Politics & Economics

European Commission Recommendations: Changes to the NRRP must not lead to a decrease in the ambition of the projects

May 2023
By Gianni Pittella

On May 24, the European Commission issued its recommendation on the Italian National Reform Program for 2023. The recommendations for Italy, similar to those of 2022, focused on the following aspects: fiscal policies, NRRP (National Recovery and Resilience Plan), green and digital transition.

Compared to last year, the Commission sets a quantitative goal for fiscal policy: to limit the nominal increase in nationally financed primary net expenditure to no more than 1.3 percent in 2024. With the prospect of deactivating the general escape clause of the Stability and Growth Pact and applying European budget rules – likely reformed by the end of 2023 – Italy will have to fully comply with the objectives set at the EU level. Should there be another rise in energy prices next winter, the Commission suggests focusing on financially sustainable incentives to support the most vulnerable households and businesses and on energy-saving incentives. The growth assumptions on which the Commission bases remain optimistic, as real GDP growth of 1 percent in 2023 and 1.5 percent in 2024 is forecasted.

The International Monetary Fund is on the same wavelength, stating that in a scenario where the public debt/GDP ratio has decreased and non-performing loans have remained low, Italy must seize the opportunity to set aside most of the unexpected revenues, adopting a credible medium-term debt reduction plan, supported by specific measures. The goal is to mitigate debt-related risks, leading to a rapid reduction of the debt/GDP ratio and supporting potential growth.

For the medium term, the Commission focuses on sustainable growth and productivity improvement, the latter being one of the most problematic aspects for our country’s economy. Increasing productivity is essential in an increasingly challenging demographic context, to protect the welfare system. Furthermore, spending the resources of the NRRP and cohesion policies, the latter often overlooked in the ongoing discussion about the spending capacity of European funds, remains essential. It is in everyone’s interest that European funds are fully and wisely spent. As Commissioner Gentiloni reminded, given the size of the Italian plan, a success of the NRRP in Italy would be a success for the whole of Europe, demonstrating that the temporary experiment of Next Generation EU could, in the future, become permanent, making the most of the positive elements and addressing the issues. Currently, the Italian Government appears to be struggling with the NRRP. On one hand, these weeks have seen challenges related to some projects, which seem unrealistic. Italy must maintain a pragmatic dialogue with the Commission, which rightly demands that changes do not lead to a decrease in the ambition of the projects. On the other, it is necessary to avoid stirring up controversies and making sensationalist moves with little practical use, such as the dispute over competencies between the Ministry of Economy and Finance and Palazzo Chigi, and the role of the Court of Auditors. The opposition also needs to show maturity: not to attack the government’s every move aprioristically and to support the country in precise modifications where necessary on projects dear to us all, from nurseries, to local health care, to university housing. Finally, on the fiscal side, the Commission recommends working on a tax reform that preserves the progressive nature of the Italian system, as also enshrined in the Constitution.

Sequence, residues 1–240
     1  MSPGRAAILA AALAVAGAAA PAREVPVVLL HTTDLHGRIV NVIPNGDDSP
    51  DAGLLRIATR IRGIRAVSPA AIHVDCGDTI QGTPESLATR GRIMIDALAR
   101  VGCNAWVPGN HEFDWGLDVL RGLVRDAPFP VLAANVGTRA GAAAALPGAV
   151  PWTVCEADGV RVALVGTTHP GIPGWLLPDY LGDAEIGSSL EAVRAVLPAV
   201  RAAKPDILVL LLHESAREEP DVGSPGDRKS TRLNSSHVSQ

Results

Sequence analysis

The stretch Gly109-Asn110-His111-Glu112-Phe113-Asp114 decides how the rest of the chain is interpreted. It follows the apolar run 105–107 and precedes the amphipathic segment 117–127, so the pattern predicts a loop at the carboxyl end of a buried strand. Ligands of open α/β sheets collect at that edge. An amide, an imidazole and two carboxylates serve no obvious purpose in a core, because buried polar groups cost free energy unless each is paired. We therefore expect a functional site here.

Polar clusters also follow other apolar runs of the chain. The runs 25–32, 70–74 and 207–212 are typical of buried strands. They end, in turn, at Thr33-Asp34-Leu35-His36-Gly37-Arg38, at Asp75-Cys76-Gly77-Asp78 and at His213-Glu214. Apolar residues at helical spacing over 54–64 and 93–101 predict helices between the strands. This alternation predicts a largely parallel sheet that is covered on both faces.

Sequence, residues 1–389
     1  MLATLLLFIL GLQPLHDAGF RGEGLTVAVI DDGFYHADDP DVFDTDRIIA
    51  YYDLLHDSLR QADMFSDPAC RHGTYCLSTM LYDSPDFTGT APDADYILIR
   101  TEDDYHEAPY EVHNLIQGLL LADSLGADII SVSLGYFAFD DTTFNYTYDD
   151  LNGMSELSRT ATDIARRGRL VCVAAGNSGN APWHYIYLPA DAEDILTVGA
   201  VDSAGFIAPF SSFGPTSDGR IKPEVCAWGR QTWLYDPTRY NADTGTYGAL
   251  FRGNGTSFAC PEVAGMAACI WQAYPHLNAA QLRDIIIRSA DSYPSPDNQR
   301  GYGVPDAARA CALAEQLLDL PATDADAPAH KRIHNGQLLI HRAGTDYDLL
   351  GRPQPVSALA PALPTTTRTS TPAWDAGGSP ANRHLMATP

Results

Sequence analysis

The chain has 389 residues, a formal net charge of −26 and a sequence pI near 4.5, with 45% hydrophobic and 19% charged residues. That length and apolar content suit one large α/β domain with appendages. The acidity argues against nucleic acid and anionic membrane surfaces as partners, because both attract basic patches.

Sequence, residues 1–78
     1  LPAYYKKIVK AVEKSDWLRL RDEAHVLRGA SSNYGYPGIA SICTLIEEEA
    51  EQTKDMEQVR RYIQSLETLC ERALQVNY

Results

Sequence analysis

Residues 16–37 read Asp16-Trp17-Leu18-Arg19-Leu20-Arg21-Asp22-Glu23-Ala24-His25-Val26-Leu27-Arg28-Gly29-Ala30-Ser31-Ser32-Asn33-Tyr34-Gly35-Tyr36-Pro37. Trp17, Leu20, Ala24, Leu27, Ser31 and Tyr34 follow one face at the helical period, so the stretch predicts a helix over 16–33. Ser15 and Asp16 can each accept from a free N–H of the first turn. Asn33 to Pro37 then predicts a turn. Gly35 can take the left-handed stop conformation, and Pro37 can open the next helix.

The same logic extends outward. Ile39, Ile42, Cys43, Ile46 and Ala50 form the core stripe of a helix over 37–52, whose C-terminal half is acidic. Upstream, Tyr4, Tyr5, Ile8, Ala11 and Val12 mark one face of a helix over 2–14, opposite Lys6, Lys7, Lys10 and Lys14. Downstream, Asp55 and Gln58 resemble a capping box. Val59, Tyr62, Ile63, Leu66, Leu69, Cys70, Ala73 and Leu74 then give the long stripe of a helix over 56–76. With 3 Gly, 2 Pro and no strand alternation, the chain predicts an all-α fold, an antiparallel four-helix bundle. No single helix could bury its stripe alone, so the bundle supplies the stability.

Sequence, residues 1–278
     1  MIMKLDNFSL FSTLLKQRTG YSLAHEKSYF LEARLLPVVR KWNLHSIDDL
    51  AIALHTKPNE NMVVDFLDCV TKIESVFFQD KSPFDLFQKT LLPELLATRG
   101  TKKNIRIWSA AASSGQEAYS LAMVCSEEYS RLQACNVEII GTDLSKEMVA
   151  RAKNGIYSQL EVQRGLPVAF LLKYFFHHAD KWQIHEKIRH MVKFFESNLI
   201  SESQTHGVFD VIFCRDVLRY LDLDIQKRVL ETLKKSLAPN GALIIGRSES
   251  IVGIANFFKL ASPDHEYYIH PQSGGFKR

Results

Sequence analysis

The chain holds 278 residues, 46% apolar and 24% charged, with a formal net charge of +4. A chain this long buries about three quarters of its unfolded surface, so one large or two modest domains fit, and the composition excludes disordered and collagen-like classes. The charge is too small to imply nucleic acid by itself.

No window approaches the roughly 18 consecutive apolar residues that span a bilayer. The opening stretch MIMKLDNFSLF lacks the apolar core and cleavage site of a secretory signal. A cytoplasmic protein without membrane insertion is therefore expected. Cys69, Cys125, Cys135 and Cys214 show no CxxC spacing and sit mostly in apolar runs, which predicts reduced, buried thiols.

On all these matters, the Government will need to demonstrate unity, a matter on which some doubts may legitimately be raised. Although Brothers of Italy has carved out the role of a responsible, Europeanist, and governing party, despite election campaign expectations, on every single issue it will need to be able to restrain its minor allies, the League and Forza Italia, who could withdraw their support at delicate moments, and will need to look beyond certain sectors traditionally supporting the party now led by Giorgia Meloni. It is undeniable that to achieve what the Commission indicates, projects like the flat tax and differentiated autonomy and electoral basins not open to competition and growth do little to help move in the desired direction. For the good of the country, let’s hope responsibility prevails.